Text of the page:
Smiley face: The Pac-12 is playing defense this fall. The five winners Saturday plus USC, which lost 14-10 at Notre Dame, combined to hold their opponents to 19.6 points per game, and many of those points -- hello, Washington State, says Nick Aliotti -- came in obvious fourth-quarter garbage time. The Pac-12 offenses, of course, are still good, other than a few stragglers (USC!), so there's strength on both sides of the ball. And fewer 52-50 games.

Frowny face: Washington! Washington! That performance at Arizona State was abysmal (though we type that without taking credit away from an inspired Sun Devils effort and game plan). If the Huskies win in Tempe, they buck the "overrated!" taunt that their adversaries -- mostly Ducks fans but also many Cougars and Beavers -- have enjoyed tossing their way for, oh, 12 or so years. A win at Arizona State would have hinted at a team headed toward nine or 10 wins. Now the ugly possibility of a fourth consecutive 7-6 season -- how is that possible! -- is in play.

Thought of the week: The Pac-12 is the center of the college football universe this weekend with two matchups of ranked teams in the BCS standings. And it's all happening in the state of Oregon! In Eugene, with ESPN's "College GameDay" setting up camp, the No. 3 Ducks play host to No. 12 UCLA, while No. 6 Stanford is visiting No. 25 Oregon State just up the road in Corvallis. The Ducks are looking to further burnish their national title game resume, while UCLA is looking for a breakthrough win. The Beavers are trying to move up in the North Division pecking order and make themselves the top challenger for the Ducks. And Stanford is trying to get to its Nov. 7 showdown with Oregon in control of its destiny.

Questions of the week: Which quarterback(s) has the best weekend in Oregon? Does Ducks QB Marcus Mariota make a loud Heisman Trophy statement, or is he upstaged by Mannion? And what about the visitors? Does Hundley rediscover his mojo at Oregon? Or does Stanford's Kevin Hogan show everyone that steady and unspectacular wins the day when you've got a great defense?

Question of the week 2: Who rises above the noise and consistently plays to its ability over the homestretch of the season? It's not easy to go unbeaten, even when you're more talented than everyone on your schedule, because it's difficult to get 40 or so guys to bring their A-game 12 games in a row. It's not easy to go 8-4 and know your team reached its max winning potential, that you only lost to superior teams. And it's hard to win on the road. Take Arizona State. The version of the Sun Devils who blistered USC and Washington at home would have romped Notre Dame in Cowboys Stadium, but that team didn't show up that evening in Arlington, Texas. And the Huskies that nearly beat Stanford and whipped Boise State would have won in Tempe. Stanford's tumble at Utah, Oregon State's defeat to Eastern Washington -- losses full of regret. The pressure is building. Which teams win all the games they are supposed to -- as favorites -- and which teams fall to underdogs?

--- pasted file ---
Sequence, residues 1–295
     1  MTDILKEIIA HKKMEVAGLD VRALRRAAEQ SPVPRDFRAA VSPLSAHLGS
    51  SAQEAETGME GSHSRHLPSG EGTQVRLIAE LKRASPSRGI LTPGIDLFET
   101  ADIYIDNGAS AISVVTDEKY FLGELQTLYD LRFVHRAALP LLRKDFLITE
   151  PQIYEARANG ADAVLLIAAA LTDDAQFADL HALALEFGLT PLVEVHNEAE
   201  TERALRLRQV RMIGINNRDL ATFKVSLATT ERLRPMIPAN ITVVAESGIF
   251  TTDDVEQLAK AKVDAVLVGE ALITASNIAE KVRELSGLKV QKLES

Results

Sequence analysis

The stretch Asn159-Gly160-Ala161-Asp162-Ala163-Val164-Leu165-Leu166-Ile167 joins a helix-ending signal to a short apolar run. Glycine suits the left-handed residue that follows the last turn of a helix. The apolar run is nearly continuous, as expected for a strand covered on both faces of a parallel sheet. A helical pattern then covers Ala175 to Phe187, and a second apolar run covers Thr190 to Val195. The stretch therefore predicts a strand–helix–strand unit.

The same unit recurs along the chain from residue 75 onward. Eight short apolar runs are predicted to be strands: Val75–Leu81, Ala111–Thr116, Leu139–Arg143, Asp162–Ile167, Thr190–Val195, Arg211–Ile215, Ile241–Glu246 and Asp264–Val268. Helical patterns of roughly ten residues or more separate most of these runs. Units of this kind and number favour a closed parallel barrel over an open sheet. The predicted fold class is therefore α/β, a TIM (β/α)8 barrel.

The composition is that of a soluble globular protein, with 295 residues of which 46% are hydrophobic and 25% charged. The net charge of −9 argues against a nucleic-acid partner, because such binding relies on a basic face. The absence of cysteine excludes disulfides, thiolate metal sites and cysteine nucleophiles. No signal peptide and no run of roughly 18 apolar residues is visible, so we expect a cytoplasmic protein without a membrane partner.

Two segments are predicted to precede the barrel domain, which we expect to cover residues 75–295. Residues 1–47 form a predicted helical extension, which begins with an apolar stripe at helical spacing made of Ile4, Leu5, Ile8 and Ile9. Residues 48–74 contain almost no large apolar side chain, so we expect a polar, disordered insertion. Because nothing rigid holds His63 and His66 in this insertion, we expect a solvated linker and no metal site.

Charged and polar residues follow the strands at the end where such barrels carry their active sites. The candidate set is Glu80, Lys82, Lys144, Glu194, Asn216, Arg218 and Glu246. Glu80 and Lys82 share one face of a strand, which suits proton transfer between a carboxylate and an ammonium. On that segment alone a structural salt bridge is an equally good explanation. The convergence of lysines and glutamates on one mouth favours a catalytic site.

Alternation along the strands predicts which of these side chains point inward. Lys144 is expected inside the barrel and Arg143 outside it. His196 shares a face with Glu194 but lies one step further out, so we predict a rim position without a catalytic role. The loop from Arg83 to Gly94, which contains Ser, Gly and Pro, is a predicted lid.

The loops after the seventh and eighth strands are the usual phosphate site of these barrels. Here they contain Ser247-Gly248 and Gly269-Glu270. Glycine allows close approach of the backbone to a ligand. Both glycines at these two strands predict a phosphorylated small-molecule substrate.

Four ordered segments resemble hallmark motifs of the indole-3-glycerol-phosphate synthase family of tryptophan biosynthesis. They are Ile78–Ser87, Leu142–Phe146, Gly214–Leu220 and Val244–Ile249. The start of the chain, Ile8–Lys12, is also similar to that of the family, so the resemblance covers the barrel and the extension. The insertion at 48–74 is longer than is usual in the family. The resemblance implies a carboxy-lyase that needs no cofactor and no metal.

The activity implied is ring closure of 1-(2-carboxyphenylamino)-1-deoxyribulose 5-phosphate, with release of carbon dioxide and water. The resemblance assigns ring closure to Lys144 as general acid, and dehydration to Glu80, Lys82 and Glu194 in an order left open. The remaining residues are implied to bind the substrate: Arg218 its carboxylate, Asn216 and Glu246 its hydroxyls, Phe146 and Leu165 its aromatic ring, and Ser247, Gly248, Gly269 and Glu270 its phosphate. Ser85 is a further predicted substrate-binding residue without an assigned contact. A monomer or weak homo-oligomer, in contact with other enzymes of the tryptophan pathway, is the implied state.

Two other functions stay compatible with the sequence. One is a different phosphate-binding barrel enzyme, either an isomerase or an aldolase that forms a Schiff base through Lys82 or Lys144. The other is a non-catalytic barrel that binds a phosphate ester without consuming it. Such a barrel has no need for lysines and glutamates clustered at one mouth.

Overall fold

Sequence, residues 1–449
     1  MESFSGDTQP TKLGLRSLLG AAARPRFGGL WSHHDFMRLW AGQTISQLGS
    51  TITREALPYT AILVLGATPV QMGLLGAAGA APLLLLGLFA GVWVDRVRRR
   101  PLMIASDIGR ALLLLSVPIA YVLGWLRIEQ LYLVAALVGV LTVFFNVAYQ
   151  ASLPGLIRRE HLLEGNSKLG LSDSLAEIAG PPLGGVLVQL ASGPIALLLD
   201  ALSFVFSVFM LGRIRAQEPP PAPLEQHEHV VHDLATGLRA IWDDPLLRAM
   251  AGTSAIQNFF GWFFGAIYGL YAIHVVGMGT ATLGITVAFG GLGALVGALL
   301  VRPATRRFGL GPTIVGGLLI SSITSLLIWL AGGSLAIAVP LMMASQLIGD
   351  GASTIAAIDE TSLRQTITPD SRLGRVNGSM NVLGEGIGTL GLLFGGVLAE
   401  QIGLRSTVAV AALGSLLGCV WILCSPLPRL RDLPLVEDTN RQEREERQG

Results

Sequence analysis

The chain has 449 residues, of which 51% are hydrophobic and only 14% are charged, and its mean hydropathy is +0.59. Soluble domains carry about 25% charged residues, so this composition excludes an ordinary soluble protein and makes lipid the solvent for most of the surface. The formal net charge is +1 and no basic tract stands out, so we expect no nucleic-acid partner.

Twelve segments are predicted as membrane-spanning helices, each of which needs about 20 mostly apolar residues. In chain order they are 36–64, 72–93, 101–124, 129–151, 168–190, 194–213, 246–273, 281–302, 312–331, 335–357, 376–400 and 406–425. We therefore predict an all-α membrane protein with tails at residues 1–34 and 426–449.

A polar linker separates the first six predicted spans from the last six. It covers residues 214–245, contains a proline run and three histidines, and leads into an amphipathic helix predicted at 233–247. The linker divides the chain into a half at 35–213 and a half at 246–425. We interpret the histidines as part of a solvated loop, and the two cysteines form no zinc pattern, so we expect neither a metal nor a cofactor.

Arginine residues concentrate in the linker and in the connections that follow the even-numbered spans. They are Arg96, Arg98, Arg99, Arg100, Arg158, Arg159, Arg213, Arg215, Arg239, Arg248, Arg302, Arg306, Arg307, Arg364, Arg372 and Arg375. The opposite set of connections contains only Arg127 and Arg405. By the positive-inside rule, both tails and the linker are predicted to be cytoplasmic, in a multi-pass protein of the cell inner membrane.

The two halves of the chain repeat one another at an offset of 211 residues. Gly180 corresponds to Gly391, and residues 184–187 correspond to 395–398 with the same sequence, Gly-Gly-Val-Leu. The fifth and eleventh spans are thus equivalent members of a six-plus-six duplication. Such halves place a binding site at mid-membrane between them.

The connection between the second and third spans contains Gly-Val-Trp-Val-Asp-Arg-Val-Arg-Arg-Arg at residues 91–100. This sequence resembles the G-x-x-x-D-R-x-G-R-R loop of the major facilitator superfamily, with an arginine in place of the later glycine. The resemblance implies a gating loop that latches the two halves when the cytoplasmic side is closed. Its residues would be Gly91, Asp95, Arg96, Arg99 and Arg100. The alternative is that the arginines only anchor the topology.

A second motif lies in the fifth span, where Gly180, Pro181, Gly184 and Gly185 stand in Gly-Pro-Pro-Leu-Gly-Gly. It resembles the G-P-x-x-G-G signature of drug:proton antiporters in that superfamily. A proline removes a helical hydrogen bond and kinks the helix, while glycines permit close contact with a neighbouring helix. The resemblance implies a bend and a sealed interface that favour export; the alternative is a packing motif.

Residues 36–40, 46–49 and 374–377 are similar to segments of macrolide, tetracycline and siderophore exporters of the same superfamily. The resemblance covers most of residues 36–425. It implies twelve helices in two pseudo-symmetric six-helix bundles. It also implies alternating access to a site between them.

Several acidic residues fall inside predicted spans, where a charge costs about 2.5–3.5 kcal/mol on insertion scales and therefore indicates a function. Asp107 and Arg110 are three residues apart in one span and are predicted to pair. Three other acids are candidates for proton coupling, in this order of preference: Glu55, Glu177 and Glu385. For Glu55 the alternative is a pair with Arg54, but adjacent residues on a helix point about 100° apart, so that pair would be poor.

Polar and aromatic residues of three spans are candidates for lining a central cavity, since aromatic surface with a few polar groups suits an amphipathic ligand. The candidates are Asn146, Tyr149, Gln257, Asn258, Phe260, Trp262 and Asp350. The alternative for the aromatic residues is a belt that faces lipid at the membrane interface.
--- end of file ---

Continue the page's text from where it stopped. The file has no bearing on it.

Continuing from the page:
Georgia's path to the BCS title game

October, 1, 2013
If a one-loss team is going to play in the VIZIO BCS National Championship Game this season, Georgia might be as good a bet as any.

But hear this Dawgs fans: You need some help.

[+] EnlargeKeith Marshall, Aaron Murray, Kolton Houston
Daniel Shirey/USA TODAY SportsTo reach the BCS title game, Georgia will likely need more than just the scoring prowess of Aaron Murray and the Bulldogs' offense.
The good news for Georgia is that it moved up to No. 6 in the USA Today Poll, one of three components used in the BCS standings.

If the Bulldogs keep winning, they’ve got a great chance to move up even more, especially with a pair of wins over top 10 opponents.

Remember, too, that only twice during the SEC’s streak of seven straight national championships has the team winning it all finished unbeaten.

The Bulldogs are explosive enough offensively to beat anybody in the country. Obviously, they’re going to need a healthy Todd Gurley the rest of the way. He’s day-to-day for this weekend’s game at Tennessee with a sprained left ankle.

To the Bulldogs’ credit, they played without him for the final three quarters last Saturday and still managed to outlast LSU 44-41. But it’s difficult to see them winning out (and winning the SEC championship) if Gurley’s not close to 100 percent. Keith Marshall is a heck of a talent at running back, but Gurley gives that offense a different dimension when he’s on the field.

Georgia also must continue to grow up on defense if the Bulldogs are going to have a chance to navigate their way to Pasadena. They’ve played 10 true freshmen on defense this season, and three are starters. Of the 22 players listed on their defensive two-deep, 16 are freshmen and sophomores.

So it’s not exactly a surprise that they’ve given up an average of 32.5 points per game, which ranks last in the SEC in scoring defense. To be fair, they’ve also played three top-10 foes.

The key will be how much that defense improves over the next month because the offense, as good as it’s been, can’t be expected to score 35-plus points every game.

But what else needs to happen for the Bulldogs to get to where they came within a tipped pass of potentially getting to last season and playing for the national title?

Here’s a quick checklist:

  • They need to win out, and they probably need to do so impressively, particularly over the teams they’re expected to beat. Otherwise, some of the unbeaten teams behind them in the polls (Florida State, Louisville and Oklahoma) could easily pass them.